Definition of the Magnetic Field
With a brief history of electromagnetism, and a general understanding of what conditions give rise to a magnetic field, we may now precisely define the magnetic field.
Magnetic Field Acting on a Charge
When we defined the electric field, we first established the electric charge, and related the interaction of electric charges through Coulomb's Law. Unfortunately we cannot do the same for magnetic fields, because magnetic charges do not exist. Whereas electric fields originate from a single point charge, magnetic fields come from a wide variety of sources: currents in wires of varying shapes or forms, permanent magnets, etc. Instead of beginning with a description of the field created by each of these examples, we must define the magnetic field in terms of the force exerted by the field on a moving point charge.
Consider a point charge q moving with a velocity v that is perpendicular to the direction of the magnetic field, as shown below.
In this very simple case, the force felt by the positive point charge has magnitude
where B is the magnitude of the magnetic field, and c is the speed of light. The force points in the positive z direction, as shown in the figure. Because we are now working in three dimensions, it is often difficult to determine the direction of this force. The easiest way to do this is to use your hands, as we will explain.
First Right Hand Rule
Take your right hand (it is important not to use the left one), and stick your thumb, your index finger and your middle finger in mutually perpendicular directions. Each one of these fingers represents a vector quantity: the thumb points in the direction of the velocity of the positively charged particle, the index finger points in the direction of the magnetic field, and the middle finger points in the direction of the force felt by the moving charge. Try it out on the above figure: point your thumb in the negative x direction and your index finger in the negative y direction. Hopefully you will find that your middle finger points in the positive z direction, which is exactly the direction of the force. This is known as the first right hand rule.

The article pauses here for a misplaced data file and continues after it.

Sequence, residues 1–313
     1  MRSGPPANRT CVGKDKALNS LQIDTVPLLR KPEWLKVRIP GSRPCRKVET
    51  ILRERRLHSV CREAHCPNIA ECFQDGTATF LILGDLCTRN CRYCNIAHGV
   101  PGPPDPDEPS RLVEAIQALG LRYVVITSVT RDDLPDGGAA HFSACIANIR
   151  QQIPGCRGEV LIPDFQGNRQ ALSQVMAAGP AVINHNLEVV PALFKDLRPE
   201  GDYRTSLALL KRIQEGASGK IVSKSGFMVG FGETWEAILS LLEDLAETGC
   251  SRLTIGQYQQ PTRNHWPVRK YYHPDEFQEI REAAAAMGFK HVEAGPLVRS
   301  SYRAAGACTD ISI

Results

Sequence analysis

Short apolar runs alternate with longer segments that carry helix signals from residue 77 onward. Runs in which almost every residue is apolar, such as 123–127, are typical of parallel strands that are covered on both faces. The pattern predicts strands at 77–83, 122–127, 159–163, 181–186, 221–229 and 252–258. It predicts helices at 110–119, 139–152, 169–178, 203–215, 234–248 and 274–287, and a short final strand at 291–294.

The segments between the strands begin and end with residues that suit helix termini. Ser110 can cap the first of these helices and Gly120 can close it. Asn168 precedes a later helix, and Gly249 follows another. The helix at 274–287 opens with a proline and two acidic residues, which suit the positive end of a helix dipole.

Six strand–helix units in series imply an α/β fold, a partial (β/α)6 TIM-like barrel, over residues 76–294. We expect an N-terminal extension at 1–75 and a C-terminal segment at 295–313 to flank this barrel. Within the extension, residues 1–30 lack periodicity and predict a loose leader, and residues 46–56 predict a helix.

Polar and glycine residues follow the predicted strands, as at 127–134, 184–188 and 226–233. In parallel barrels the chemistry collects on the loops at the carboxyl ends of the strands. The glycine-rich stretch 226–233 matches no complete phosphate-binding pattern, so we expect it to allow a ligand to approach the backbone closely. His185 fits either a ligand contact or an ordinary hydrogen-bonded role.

Magnetic Force when Moving Charges are not Perpendicular
We disucussed the special case in which the moving charge moves perpendicular to the magnetic field. This perfectly perpendicular situation is uncommon. In more normal circumstances the magnetic force is proportional to the component of the velocity that acts in the perpendicular direction. If a charge moves with a velocity at an angle θ to the magnetic field, the force on that particle is defined as:
If you are familiar with vector calculus, you will notice that this can be simplified in terms of cross products:
This last equation is the most complete; the cross product of two vectors is always perpendicular to both vectors, providing the correct direction for the direction of our force.
Having established this equation, let us take a moment to analyze its implications. First, it is clear that a charge moving parallel to the magnetic field experiences no force, as the cross product is zero. Second, the magnitude of the force on the charge varies directly not only with the magnitude of the charge, but of the velocity as well. The faster a charged particle travels, the more force it will feel in the presence of a given magnetic field.
This equation forms a basis for our study of electromagnetism. From it we will be able to derive the fields created by various wires and magnets, and derive some properties of the magnetic field.
Relating Magnetic and Electric Forces
Using the definition of the magnetic field we have just developed, we become able to generate a complete expression for the force exerted on a charged particle, q , in the presence of both electric and magnetic fields. Recall that in the presence of an electric field alone the force felt by a point charge q is simply proportional to the field at that point, or F = qE . Thus, if this point charge is in the presence of both an electric field and a magnetic field, we can find the total force on the charge by simple vector addition:
|= q +|
This equation only applies to vector quantities--usually the force due to the electric field and the magnetic field are not in the same direction, and cannot be added algebraically.